In doing so, the three theoretical lenses discussed in Chapter 3 serve as guides for our analysis. The agency-centred perspective is particularly helpful for highlighting the interests of the actors that populate climate politics, their sources of influence and factors underpinning the demand and supply of new forms of transnational governance. The social and system dynamics perspective helps to explain the diffusion of common practices and governance techniques through communities of environmental practitioners and policymakers. Finally, the critical political theory perspective sheds light on the marketisation of a substantial cluster of TCCG initiatives, the ideological underpinnings of these initiatives and the particular constellations of public and private forces that animate them. We use the TCCG database and illustrative case-studies to interrogate these issues illuminating the relationship between the agency of different actors, market logics, functional imperatives and normative contexts.
Our knowledge of transnational governance has been fundamentally shaped by the theoretical perspectives and methodological approaches that have been used to study it (O’Neill et al. 2013, 444). Primarily using a case-study approach revolving around a few high-profile examples, research on transnational governance has focused on the ways in which actors have sought to engage with different forms of transnational governance, the various functions that such arrangements seek to perform and their potential consequences in terms of legitimacy and effectiveness. Such approaches have yielded significant insights into these aspects of transnational governance but cannot, by their very nature, achieve a more comprehensive or systematic view. As O’Neill et al. (2013) suggest, such approaches may be ill-equipped to deal with the challenges of ‘complexity and uncertainty, vertical linkages across multiple scales, horizontal linkages across issue areas, and (often rapidly) evolving problem sets and institutional initiatives’ that beset global environmental governance research, such that new methodological approaches are required. If we regard transnational governance initiatives as having something in common – in terms of what they are seeking to accomplish, or in terms of the ways in which they are organised and constituted – we suggest that methodological innovations capable of creating a more comprehensive account of the overall phenomenon are required.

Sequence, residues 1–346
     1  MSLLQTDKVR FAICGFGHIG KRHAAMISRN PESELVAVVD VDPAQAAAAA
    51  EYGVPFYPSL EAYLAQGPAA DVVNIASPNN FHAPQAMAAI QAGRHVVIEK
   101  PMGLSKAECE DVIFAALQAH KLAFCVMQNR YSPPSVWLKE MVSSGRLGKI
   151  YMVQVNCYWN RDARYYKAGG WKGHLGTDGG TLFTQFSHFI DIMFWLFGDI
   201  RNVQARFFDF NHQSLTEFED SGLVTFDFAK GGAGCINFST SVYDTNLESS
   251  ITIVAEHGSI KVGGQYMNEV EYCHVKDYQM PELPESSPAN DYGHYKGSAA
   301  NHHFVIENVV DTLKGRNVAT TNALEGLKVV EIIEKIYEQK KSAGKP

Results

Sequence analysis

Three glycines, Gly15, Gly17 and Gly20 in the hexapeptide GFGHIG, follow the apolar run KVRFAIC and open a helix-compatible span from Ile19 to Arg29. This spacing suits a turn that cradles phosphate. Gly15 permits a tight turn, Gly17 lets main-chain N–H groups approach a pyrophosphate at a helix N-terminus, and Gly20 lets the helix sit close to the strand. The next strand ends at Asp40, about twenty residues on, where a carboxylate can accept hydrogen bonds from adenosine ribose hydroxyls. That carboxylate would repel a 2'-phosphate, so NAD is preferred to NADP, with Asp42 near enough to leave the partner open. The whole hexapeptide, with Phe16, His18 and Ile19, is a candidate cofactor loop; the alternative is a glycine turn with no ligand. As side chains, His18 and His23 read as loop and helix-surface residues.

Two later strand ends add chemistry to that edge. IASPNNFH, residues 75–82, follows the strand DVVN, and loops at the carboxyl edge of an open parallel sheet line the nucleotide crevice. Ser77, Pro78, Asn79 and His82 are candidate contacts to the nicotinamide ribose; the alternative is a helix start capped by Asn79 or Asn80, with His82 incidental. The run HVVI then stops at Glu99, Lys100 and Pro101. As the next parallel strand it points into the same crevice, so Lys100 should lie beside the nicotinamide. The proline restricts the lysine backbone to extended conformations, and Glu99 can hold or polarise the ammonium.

In order to develop such a broader understanding of the extent and nature of transnational governance in the climate change domain, our approach extends beyond small n case-studies or surveys of one particular type of transnational arrangement through the construction and analysis of a database of sixty transnational climate governance initiatives. This approach enables an analysis of the contours of transnational climate governance in a way that has not been possible within existing methodological approaches, allowing for a more thorough description of who and what are involved, where it is taking place, and how and why it is being pursued.